To tackle these drawbacks, a group of researchers in 2018 proposed a modified convolutional layer that considers only valid pixels when developing its prediction. Experimental results from this so-called partial convolution have demonstrated the effectiveness of the method.

Motivated by these results, two researchers from Azarbaijan Shahid Madani University in Tabriz, Iran, recently published a paper to expand on this approach to CNN-based digital inpainting.

For this study, they trained the CNN model to restore a style of Persian pottery called Kubachi ware. Kubachi ware is one of the most used styles in Iranian historical artworks. This type of pottery appears mostly in the form of bowls, plates, and tiles. It is composed of a very fine and soft white material known as stone paste, and it is adorned with various ornamental motifs in colors such as black, green, blue, ocher, and brown under a transparent crackled glaze.

Scholars believe that Kubachi ware pieces were created in the northwestern part of what is now Iran during the Safavid Period (1501­–1736 CE). However, the artwork takes its name from the village of Kubachi in Dagestan, modern-day Russia, where large quantities of Kubachi pottery were discovered.

The researchers collected 660 different images of Kubachi ware and Iznik pottery pieces, which are very similar, and then extracted subimages from these images to augment the number of samples. “We should note that, as the motifs and patterns in most of the images are asymmetric, we were sure that the extracted images were almost unique,” they write.

They also photographed images of existing damaged pottery pieces around the mosques and old cultural houses in Isfahan, a city in central Iran, to evaluate the framework on real-world cases. However, due to legal and administrative restrictions, they could only collect 17 images this way.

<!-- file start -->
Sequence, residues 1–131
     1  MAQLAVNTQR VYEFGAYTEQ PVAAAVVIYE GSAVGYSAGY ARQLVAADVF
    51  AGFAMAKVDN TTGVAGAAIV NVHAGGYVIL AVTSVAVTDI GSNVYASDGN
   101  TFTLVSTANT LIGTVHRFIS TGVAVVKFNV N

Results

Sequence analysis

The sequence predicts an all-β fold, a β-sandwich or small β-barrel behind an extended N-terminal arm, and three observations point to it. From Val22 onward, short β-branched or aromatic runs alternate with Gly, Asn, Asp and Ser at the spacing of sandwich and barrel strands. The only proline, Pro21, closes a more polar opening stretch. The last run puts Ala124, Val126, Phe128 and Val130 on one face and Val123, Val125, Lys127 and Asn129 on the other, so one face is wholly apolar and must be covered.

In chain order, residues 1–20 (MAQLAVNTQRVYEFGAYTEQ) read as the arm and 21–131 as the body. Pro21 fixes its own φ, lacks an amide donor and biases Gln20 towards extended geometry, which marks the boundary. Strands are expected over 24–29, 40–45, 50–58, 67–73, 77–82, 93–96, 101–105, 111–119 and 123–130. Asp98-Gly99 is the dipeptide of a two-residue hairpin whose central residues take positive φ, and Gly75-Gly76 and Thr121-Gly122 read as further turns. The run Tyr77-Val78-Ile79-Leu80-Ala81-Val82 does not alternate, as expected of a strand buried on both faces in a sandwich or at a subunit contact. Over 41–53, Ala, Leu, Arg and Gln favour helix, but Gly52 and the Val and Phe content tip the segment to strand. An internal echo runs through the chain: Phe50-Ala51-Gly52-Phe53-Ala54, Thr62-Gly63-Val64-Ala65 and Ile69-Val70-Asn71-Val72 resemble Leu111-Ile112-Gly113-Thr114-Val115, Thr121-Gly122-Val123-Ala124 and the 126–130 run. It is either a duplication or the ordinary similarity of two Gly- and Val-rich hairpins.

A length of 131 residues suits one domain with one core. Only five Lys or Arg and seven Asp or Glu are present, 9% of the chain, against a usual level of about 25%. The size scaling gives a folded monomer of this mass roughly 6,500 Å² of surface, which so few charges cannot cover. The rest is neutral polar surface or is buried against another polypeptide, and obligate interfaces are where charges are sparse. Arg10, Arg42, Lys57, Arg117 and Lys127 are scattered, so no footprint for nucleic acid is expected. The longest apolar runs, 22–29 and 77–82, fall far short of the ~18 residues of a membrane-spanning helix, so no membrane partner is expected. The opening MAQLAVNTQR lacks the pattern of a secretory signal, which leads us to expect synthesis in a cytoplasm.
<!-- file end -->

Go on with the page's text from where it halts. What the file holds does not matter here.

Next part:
After evaluating the predictions generated by the CNN-based model, the researchers determined that the proposed framework restored heavily destroyed parts of Kubachi ware very well and preserved the overall aesthetic aspects quite plausibly. “However, we believe that the performance would increase if we could prepare a sufficient number of samples to feed the model,” they add.

In the future, the researchers plan to add more samples to the datasets. They also aim to extend the framework to other types of historical artworks.

The paper, published in Journal of Computational Science, is “A deep neural network based framework for restoring the damaged Persian pottery via digital inpainting” (DOI: 10.1016/j.jocs.2021.101486).

1 The Met Fifth Avenue’s online collection database accessed January 11, 2022.

the author Lisa McDonald is associate managing editor and science writer at The American Ceramic Society. Prior to this position, McDonald worked at the American Institute of Physics: FYI and the ATLAS Experiment at CERN. She has a master’s in science communication and specializes in communicating science to nonspecialist audiences.